How to Quit Your Job Without Burning Bridges
The time has come. Maybe it’s because of a health reason, a better opportunity, or a lack of growth, but the job you’re at is no longer the one for you. How you quit a job is almost as important as how you enter a new one. Though you may want to go out in a dramatic way, resist the urge and choose a better tactic. Here’s how to quit with dignity.
Be Absolutely Sure
Before you officially quit, make sure that’s what you want to do. Consider the pros and cons of both your job and the one you’re applying for. You don’t want to quit your present job in haste and find yourself regretting it. Avoid that awkward phone call asking for your job back by making absolutely sure that you want to quit in the first place
If you work with a company computer or use a company email, make sure to clear out any personal items. Don’t leave personal emails or documents behind. The same with your desk. Get it somewhat cleared out before you resign. Sometimes your boss will ask you to leave that day rather than taking the two weeks’ notice. If you think that might be the case for you, take the precaution of being ready for that. If you are required to stay for two more weeks, you’ll need to do this anyway.
Write a Resignation Letter
This is the formal and polite way of letting your boss know that you’re leaving. It also provides a record for how you left. It’s very important that you write a polite letter—even if you’ve had it with your job—because that’s something a potential boss can look back on. You don’t want a poor resignation letter following you around for the rest of your career. There are plenty of sample letters out there to look at, so take advantage of the knowledge of those who’ve gone before you.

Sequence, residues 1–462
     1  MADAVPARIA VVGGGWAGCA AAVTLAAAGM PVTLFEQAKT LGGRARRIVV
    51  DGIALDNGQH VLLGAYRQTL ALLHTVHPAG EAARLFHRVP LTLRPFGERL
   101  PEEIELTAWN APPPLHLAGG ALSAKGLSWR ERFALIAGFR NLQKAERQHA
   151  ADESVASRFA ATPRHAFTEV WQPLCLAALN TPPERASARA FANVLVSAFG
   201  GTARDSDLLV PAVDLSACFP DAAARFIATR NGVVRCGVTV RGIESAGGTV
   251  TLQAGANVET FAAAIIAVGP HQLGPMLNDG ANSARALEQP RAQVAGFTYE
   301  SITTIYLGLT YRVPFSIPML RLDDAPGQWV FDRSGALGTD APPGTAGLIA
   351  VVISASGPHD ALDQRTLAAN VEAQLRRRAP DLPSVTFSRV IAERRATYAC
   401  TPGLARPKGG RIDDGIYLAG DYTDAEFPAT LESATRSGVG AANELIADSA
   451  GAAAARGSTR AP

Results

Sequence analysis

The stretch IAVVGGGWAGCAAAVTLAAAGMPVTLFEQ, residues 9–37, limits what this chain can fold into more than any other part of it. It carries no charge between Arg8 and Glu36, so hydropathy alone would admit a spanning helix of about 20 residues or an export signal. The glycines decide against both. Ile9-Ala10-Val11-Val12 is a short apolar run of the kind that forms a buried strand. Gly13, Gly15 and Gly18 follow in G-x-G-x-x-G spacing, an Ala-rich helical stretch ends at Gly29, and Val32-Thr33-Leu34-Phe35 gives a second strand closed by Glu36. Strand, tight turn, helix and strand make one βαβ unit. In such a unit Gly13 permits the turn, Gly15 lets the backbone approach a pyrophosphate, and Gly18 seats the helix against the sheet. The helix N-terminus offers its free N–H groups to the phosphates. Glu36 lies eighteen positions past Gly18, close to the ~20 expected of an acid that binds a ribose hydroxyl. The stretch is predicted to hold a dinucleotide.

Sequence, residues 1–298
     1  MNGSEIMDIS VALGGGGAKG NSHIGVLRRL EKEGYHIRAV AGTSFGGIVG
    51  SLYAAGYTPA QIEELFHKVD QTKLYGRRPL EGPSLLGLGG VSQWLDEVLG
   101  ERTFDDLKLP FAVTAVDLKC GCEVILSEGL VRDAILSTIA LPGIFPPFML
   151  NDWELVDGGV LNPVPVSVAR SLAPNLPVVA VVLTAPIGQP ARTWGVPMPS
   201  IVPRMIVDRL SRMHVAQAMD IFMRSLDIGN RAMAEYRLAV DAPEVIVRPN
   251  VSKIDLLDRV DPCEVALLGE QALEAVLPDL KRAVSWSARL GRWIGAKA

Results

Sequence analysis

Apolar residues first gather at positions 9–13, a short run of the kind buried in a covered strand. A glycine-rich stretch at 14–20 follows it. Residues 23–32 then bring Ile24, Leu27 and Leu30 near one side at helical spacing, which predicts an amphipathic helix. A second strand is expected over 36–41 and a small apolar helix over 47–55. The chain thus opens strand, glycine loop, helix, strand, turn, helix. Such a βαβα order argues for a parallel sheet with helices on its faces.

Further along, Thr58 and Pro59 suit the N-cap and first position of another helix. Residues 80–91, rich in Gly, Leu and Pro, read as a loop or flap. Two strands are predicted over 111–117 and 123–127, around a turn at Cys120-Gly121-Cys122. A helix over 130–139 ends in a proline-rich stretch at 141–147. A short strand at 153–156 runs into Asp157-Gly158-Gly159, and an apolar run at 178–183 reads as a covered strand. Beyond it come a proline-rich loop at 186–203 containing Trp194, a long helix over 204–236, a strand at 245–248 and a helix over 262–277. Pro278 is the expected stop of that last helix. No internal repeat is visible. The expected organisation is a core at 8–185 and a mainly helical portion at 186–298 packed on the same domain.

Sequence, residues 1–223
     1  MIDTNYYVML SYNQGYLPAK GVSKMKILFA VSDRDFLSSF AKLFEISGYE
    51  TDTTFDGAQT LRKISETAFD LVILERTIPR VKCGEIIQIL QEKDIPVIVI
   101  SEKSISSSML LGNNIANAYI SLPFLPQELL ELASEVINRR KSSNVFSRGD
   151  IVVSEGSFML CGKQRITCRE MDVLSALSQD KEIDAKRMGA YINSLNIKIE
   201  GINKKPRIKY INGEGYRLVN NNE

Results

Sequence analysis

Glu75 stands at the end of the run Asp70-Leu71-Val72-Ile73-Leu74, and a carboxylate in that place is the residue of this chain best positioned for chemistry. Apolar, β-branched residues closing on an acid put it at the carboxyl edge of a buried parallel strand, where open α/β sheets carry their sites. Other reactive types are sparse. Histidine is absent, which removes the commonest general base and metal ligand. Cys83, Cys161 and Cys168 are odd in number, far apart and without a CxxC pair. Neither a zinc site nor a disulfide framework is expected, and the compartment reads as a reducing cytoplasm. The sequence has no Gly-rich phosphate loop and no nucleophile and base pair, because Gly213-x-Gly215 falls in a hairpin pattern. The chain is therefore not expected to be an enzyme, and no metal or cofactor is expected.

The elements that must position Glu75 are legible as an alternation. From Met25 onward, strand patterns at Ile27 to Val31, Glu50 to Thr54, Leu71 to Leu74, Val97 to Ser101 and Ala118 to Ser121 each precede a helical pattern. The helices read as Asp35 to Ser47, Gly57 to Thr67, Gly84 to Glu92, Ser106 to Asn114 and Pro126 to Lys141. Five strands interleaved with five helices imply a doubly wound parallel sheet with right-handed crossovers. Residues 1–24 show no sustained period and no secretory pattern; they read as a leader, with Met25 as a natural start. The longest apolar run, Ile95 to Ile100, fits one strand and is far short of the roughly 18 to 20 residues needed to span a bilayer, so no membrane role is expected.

Make sure to give an appropriate amount of head’s up. The requirement is generally two weeks. Another good way to promote good will and show consideration is by offering to train your replacement. This will help your boss and will add to your experience. Do your best to make the transition process as painless as possible for both you and your employer.
Don’t Forget the Details
If you have company property of any kind, make a mental note of that so that you can return it. You don’t want to be accused of theft because it slipped your mind as you were leaving. Additionally, be aware that you may have to participate in an exit interview. This gives the company feedback as to how they can improve. Take advantage of this as another opportunity to leave on a good note. Also be aware of any package or paperwork that is involved in your leaving.
No matter how much you didn’t like your job, there is something you can express your gratitude over. Don’t lie or make something up, but be willing to give credit where credit is due. Don’t miss this last opportunity to keep good relations with your company. You never know when you may need a reference further down the road, or when an interested employer may get in contact with your former boss.
Though it may be difficult, resist the temptation to leave your job in (a briefly) emotionally satisfying way. Just being in a new workplace will have to be enough, because you’ll never know what bridges you may need in the future.